This may seem a trivial point, but it is not. We are talking about the length of cigarettes, but I would welcome a view about what happens to the width of cigarettes. It is possible for duty to be levied on a cigarette that is part of the 8 cm and 3 cm, and is within the 1,000 cigarettes that form part of the taxation cohort. It would be possible for somebody, should they so wish, to manufacture a cigarette that is twice as thick as a normal cigarette, to disembowel that tobacco and reconstitute it into 2,000 cigarettes from a 1,000 cohort brought into the country. If taxation avoidance is the shared motivation behind the clause, I would be interested to know what steps are being taken on the width of cigarettes. Has the Minister given any consideration to that, as well as to measures on the length of cigarettes?

Photo of Alec Shelbrooke Alec Shelbrooke Conservative, Elmet and Rothwell 7:15, 26 October 2010

I am listening carefully to what is being said, but it seems that on the measure that you are trying to press to the Minister, a loophole could be found, whatever the response. You have moved from halving the length of a cigarette to doubling its width. If the demand is out there to do such things, surely whatever law is passed and whatever definition is used, the legislation  could be got around easily. I know you are saying that you are trying to test the argument, but I would have thought that any provision could be got around.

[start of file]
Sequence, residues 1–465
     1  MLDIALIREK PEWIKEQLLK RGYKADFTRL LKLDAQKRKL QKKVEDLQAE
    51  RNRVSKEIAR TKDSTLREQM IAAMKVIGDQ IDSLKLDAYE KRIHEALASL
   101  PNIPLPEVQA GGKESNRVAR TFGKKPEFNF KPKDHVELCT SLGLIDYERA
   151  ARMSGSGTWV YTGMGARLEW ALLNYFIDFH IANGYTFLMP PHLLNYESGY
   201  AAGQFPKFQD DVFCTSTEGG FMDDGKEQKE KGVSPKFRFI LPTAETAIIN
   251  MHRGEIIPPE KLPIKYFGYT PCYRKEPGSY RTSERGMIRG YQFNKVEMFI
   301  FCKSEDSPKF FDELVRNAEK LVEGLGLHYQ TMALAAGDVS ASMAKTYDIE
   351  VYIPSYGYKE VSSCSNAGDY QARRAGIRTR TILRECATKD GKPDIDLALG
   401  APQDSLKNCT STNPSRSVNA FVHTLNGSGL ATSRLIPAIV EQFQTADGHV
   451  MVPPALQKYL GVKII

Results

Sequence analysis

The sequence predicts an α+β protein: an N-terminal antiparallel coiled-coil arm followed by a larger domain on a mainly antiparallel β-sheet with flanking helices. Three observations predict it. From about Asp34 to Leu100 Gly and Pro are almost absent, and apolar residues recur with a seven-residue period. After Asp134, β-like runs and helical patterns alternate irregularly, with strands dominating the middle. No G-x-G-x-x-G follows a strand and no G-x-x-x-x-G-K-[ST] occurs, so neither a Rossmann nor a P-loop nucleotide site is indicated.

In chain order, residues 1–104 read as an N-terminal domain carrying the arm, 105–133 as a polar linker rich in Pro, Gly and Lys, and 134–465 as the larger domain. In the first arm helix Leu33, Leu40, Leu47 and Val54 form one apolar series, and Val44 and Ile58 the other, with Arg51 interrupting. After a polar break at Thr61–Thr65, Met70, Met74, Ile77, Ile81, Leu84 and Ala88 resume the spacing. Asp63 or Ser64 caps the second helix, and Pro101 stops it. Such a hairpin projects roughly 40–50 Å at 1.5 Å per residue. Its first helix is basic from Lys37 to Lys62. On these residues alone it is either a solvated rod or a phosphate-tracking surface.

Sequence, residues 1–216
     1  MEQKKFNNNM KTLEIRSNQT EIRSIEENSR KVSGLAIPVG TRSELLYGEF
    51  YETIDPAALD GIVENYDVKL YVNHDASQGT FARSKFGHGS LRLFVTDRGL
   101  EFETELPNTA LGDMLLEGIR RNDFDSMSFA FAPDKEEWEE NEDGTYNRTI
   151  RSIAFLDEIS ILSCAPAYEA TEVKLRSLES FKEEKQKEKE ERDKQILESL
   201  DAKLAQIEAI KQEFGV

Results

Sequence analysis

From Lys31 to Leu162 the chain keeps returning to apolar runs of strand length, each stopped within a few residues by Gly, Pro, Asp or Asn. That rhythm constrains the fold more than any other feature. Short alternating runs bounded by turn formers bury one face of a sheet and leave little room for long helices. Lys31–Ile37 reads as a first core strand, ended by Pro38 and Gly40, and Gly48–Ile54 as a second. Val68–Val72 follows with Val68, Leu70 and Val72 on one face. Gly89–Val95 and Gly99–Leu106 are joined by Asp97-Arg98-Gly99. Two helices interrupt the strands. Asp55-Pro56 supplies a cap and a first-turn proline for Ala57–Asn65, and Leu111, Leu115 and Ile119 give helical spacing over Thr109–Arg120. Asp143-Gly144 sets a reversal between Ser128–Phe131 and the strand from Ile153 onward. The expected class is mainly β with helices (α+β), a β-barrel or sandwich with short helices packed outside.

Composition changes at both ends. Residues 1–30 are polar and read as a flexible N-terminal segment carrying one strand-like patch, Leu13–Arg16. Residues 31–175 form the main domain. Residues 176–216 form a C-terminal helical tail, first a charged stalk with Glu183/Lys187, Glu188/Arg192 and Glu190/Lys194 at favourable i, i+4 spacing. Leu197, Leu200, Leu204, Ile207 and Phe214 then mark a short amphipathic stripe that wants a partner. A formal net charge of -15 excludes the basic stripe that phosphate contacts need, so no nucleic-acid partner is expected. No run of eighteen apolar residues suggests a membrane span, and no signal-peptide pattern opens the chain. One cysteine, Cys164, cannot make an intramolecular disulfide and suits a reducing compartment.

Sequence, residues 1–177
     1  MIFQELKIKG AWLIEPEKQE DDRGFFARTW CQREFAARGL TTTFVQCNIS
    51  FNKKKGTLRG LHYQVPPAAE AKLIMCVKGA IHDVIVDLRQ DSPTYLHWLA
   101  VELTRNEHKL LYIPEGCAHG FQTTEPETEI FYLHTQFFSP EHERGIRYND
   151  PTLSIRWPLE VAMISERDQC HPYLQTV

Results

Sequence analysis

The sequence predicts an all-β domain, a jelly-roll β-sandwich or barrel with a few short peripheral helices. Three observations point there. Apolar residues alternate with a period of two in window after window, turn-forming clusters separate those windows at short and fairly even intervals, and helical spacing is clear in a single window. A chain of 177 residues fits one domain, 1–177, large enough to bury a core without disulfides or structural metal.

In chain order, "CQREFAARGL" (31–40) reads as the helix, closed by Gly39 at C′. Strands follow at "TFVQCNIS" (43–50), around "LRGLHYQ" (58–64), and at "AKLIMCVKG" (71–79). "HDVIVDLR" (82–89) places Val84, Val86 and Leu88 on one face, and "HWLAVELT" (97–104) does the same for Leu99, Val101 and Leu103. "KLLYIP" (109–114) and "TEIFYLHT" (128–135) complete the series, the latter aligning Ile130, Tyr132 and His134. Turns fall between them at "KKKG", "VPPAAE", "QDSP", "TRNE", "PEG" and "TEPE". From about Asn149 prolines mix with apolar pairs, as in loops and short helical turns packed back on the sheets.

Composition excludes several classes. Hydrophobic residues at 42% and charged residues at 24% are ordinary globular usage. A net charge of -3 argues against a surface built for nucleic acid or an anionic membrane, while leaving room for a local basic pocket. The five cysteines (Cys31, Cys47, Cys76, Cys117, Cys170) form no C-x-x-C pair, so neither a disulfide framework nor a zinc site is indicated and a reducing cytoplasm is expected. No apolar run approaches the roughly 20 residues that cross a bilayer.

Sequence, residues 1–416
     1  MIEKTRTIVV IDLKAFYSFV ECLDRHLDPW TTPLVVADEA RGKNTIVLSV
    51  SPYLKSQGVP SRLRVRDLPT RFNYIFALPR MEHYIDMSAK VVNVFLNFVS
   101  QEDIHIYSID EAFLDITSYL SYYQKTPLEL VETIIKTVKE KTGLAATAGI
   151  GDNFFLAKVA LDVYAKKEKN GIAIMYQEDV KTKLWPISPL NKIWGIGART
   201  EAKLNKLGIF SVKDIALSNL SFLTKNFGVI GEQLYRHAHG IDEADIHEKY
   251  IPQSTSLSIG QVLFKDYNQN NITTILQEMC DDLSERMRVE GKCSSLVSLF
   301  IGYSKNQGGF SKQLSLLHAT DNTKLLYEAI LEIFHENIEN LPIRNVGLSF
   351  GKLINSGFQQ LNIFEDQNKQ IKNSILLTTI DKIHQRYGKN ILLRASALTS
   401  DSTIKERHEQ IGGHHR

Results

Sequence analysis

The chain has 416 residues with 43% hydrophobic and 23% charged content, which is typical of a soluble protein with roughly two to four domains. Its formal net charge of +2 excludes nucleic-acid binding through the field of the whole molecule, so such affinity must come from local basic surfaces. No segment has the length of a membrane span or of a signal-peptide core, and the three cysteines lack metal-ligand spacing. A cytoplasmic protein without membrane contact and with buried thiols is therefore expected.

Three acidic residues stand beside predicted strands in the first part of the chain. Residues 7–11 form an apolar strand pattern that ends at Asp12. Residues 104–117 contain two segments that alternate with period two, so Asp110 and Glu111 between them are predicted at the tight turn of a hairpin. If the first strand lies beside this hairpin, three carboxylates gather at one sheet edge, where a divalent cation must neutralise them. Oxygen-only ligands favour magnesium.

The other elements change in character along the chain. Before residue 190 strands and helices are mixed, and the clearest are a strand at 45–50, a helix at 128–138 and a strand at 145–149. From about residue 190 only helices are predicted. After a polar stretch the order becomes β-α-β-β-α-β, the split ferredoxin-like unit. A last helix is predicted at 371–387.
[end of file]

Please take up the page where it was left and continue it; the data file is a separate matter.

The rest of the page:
Photo of David Hanson David Hanson Shadow Minister (Treasury)

That is an argument to do nothing and never to take any tax-avoidance measures at all. I am simply saying to the Minister that the legislation passed in 1979 sets out the length of a cigarette in relation to duty. A cigarette of more than 9 cm would qualify as two cigarettes for duty purposes. That is a way in which we can look at importation for those who wish to bring in a 10 cm or 11 cm cigarette, cut it in half and sell it as two cigarettes to people in the community, thereby avoiding duty. Whatever our political differences, we do not want to avoid taxation by back-door means. I simply say to the Minister that the length is being reduced from 9 cm to 8 cm and there could be an argument to tighten the measure further, from 9 cm to 7 cm for example. Why is it 8 cm?

I have already said this, but I shall say it again for the sake of further clarity and to ensure that we have a full debate on the matter. When we add each 3 cm portion of the remainder of the cigarette, it will be considered as a further cigarette. Why 3 cm and not 2 cm? If we are looking at tax avoidance, I would have thought that the tighter the regulation, the more opportunity there was to send a strong signal and ensure that the appropriate duty is paid. With those few comments, I am happy to hear what the Minister says.

Photo of Stephen Williams Stephen Williams Liberal Democrat, Bristol West